Abilene Christian University (B.S.) and Syracuse University (M.A. and M.S.)
Director of External Affairs at the Leadership Institute
Lauren Day is the director of external affairs at the Leadership Institute, where she oversees LI’s brand reputation and public image externally through building strategic partnerships, while managing marketing and communication activities.
Previously, Lauren worked for a conservative Texas Congressman on Capitol Hill, reported on foreign direct investment news at China Briefing Media located in Shanghai, China, managed marketing campaigns and business development as the marketing coordinator for a engineering firm headquartered in Texas, coordinated press interviews at Abilene Christian University as a media relations specialist, and taught a graphics course for three semesters to 120 college sophomores and juniors at Syracuse University’s S.I. Newhouse School of Public Communications as an instructional associate. During college, Lauren interned at advertising agency—GSD&M—on the SBC (now AT&T) media planning account and at worldwide public relations agency Weber Shandwick Worldwide.
As a sixth-generation Texan, Lauren has lived in four countries and traveled to more than 19. She graduated summa cum laude with a B.S. in Integrated Marketing Communications from Abilene Christian University in her home state of Texas, receiving the Best Representative of the Year award during one of her terms in student congress and was also elected to the Homecoming Queen Court. Lauren completed the public diplomacy graduate program at Syracuse University in New York, where she received a M.S. in Public Relations from the S.I. Newhouse School of Public Communications and a M.A. in International Relations from the Maxwell School of Citizenship & Public Affairs.
Lauren was elected in February 2014 as Secretary of the Arlington/Falls Church Young Republicans club, Virginia’s largest YR club. She and her husband Nate live in Arlington,Virginia and are members of Cherrydale Baptist Church, where Lauren has been teaching seventh and eighth grade girls in Sunday School since 2011.
Why is it important that at this particular point in time, right-of-center youth become involved publicly, whether in politics, media, their communities, or another capacity?
We live in a world of political correctness — where we shall not upset any group with our speech or behavior. This keeps many who are right-of-center silent, afraid to get involved in the public square for fear of conflict and loss of popularity. This anxiety grows into an apathetic view of one’s ability to engage and influence the political process, and thus it creates a vacuum for liberals to fill and cultivate. If you abdicate, they will speak for you. We all have something to offer society — so speak up, get walking, show up, start writing, and begin serving! It’s high time we become more public with our conservative principles and proposed solutions.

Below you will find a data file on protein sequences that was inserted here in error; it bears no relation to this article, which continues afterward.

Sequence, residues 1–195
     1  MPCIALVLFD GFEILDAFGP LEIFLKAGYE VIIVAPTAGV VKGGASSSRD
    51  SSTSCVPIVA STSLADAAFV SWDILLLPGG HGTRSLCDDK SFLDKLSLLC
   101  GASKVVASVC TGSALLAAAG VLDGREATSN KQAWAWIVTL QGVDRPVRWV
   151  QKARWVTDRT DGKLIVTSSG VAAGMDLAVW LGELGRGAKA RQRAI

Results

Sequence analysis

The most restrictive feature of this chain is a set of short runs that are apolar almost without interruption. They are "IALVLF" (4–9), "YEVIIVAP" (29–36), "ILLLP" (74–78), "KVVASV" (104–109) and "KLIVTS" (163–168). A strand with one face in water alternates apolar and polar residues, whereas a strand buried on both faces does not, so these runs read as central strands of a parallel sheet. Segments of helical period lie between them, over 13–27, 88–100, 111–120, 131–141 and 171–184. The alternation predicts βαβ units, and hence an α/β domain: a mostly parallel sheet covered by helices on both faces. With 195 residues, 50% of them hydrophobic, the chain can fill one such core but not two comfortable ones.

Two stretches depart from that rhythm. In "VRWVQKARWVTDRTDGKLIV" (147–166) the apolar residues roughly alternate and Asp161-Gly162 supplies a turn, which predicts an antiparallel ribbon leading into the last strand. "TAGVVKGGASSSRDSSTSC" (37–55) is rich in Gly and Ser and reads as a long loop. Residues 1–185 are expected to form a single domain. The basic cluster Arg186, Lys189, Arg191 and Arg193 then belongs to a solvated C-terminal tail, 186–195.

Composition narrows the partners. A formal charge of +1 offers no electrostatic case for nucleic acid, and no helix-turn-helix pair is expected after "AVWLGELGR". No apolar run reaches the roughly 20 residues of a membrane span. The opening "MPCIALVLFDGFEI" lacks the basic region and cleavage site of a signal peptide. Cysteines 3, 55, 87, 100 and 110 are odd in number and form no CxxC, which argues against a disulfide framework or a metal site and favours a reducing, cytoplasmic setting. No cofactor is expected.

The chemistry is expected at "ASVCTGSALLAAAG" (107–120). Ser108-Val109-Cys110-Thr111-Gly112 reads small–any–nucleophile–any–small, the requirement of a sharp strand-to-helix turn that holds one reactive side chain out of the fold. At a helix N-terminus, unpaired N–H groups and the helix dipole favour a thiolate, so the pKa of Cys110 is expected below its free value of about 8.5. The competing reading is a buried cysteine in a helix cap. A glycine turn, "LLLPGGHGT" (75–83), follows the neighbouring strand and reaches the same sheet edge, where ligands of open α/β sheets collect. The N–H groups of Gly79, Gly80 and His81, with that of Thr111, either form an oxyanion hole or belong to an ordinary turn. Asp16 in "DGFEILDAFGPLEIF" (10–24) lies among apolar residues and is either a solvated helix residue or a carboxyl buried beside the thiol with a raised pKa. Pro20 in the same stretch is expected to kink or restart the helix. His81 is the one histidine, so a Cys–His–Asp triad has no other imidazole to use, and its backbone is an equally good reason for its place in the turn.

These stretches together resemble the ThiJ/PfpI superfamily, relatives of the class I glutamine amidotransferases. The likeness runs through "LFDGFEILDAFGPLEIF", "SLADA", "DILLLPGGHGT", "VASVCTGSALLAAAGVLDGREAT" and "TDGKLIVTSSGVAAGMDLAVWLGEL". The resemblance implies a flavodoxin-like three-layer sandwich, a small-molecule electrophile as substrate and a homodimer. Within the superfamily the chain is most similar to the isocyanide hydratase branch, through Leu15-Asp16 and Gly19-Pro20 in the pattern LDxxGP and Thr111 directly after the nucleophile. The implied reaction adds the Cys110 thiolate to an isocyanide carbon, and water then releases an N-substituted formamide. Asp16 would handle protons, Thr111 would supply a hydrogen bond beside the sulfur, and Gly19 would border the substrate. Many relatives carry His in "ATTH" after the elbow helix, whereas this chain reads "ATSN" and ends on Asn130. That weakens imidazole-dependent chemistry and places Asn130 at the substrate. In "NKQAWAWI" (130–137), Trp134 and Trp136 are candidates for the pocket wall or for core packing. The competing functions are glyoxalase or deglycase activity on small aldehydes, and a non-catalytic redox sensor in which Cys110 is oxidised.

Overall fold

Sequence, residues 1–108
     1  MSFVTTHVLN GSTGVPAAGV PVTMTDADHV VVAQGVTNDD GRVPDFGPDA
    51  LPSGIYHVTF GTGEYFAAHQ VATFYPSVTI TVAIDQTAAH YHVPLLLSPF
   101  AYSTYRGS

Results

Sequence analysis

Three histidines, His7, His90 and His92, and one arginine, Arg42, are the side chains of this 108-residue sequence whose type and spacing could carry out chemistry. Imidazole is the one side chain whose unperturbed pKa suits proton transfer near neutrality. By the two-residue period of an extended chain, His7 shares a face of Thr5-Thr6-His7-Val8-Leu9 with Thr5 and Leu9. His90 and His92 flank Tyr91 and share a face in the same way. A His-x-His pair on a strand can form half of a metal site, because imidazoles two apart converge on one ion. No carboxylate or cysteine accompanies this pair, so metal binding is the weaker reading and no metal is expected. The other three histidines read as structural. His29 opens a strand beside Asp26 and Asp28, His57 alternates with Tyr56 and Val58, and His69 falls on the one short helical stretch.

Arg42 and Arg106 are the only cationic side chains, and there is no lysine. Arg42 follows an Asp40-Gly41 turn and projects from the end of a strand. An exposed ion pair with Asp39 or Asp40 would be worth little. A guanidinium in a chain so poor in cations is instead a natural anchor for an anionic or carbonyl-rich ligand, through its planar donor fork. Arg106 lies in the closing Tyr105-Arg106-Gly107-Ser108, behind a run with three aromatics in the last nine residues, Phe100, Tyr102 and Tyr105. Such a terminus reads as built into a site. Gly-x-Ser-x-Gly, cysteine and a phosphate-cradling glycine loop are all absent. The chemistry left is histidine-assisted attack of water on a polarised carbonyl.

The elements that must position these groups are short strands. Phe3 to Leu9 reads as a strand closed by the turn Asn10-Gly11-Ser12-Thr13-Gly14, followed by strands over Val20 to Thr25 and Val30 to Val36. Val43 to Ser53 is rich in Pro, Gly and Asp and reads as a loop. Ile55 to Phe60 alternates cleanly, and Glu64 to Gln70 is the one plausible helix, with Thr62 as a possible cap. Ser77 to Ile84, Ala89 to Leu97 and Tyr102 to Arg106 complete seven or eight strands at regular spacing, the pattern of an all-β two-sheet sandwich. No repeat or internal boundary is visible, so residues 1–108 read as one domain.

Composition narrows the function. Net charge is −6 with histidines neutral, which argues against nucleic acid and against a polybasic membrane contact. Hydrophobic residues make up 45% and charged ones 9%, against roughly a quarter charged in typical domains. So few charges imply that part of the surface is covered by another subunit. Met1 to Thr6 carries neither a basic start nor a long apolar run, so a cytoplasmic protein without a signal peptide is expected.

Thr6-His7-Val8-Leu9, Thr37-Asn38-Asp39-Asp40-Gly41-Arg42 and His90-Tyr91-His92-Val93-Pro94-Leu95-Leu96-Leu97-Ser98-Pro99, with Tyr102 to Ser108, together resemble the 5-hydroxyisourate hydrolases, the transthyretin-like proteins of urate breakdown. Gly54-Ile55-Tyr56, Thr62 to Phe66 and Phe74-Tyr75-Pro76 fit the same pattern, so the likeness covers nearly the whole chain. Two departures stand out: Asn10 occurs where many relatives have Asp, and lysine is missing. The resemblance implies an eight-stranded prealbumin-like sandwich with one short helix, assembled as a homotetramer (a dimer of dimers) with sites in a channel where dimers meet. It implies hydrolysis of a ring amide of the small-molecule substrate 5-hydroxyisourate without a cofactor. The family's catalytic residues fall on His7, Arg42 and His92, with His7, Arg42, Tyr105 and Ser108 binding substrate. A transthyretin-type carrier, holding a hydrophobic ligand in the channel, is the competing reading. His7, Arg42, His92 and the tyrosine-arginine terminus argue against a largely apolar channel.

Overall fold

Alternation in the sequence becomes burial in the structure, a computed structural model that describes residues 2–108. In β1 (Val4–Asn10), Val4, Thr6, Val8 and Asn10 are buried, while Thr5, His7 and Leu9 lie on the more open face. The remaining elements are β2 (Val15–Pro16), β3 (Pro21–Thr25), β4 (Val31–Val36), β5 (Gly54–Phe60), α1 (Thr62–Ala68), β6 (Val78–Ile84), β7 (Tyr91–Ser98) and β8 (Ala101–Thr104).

What must elected officials and others in positions of leadership do to make a right-of-center message resonate with the Millennial generation?
I’d like to see right-of-center mentorship programs that engage a wider audience of Millennials so we can learn, so our leaders can impart their wisdom, and together we can chart a path forward. Creating more opportunities for this collaboration in the decision-making process will benefit the country for generations to come.
Where would you like to see the conservative movement in 10 years — and how can it get there?
I want to see a conservative movement that is so effective that we stop turning to government for solutions. Instead, let’s activate creative entrepreneurs, flourishing families, gospel-focused churches, and sharing communities.
Thirty Under Thirty
The Daily Show sent one of their “correspondents” down to Florida to "investigate" Governor Rick Scott’s law banning doctors from asking their patients about gun ownership.
In one of the more ridiculous anti-pot arguments we've seen in a while, the DEA in Utah is super concerned that, if they legalize edibles for medical use, all the local bunnies will get stoned out of their minds and lose their natural instincts.
Jon Stewart spent a good deal of time Tuesday evening bashing Israeli Prime Minister Benjamin Netanyahu’s controversial speech before Congress, saying sarcastically, “Even though Netanyahu was speaking only two weeks before the Israeli elections, he wasn’t there just to use our Congress as the most elaborate campaign commercial background ever.”
Jon Stewart was looking forward to the end of congressional gridlock now that Republicans control both houses.
WASHINGTON (AP) — Amid appeals for bipartisanship, President Barack Obama in just three days has provoked Republicans on issues as disparate as immigration, Wall Street and the Keystone XL pipeline — a combative mix of defense and offense that underscores Washington's political realignment.
Defying the Republican-run Congress, President Barack Obama rejected a bill Tuesday to approve construction of the Keystone XL oil pipeline, wielding his veto power for only the third time in his presidency.
Joe Biden—everyone’s favorite creeper and truth-bomb-dropper.
The president’s interview with Re/code over the weekend touched on privacy issues, with Obama insisting with “almost complete confidence” that there have been no abuses of the government’s vast surveillance program.
After failing to pass NSA reform last year, Congress has less than 100 days left to try again, or allow the entire phone metadata program to sunset on June 1.
Former Secretary of State Hillary Clinton's email controversy has opened up a new front in the House's investigation of the 2012 Benghazi attack, with Rep. Trey Gowdy saying Tuesday that his investigators would be going straight to Clinton and her team to obtain all relevant correspondence.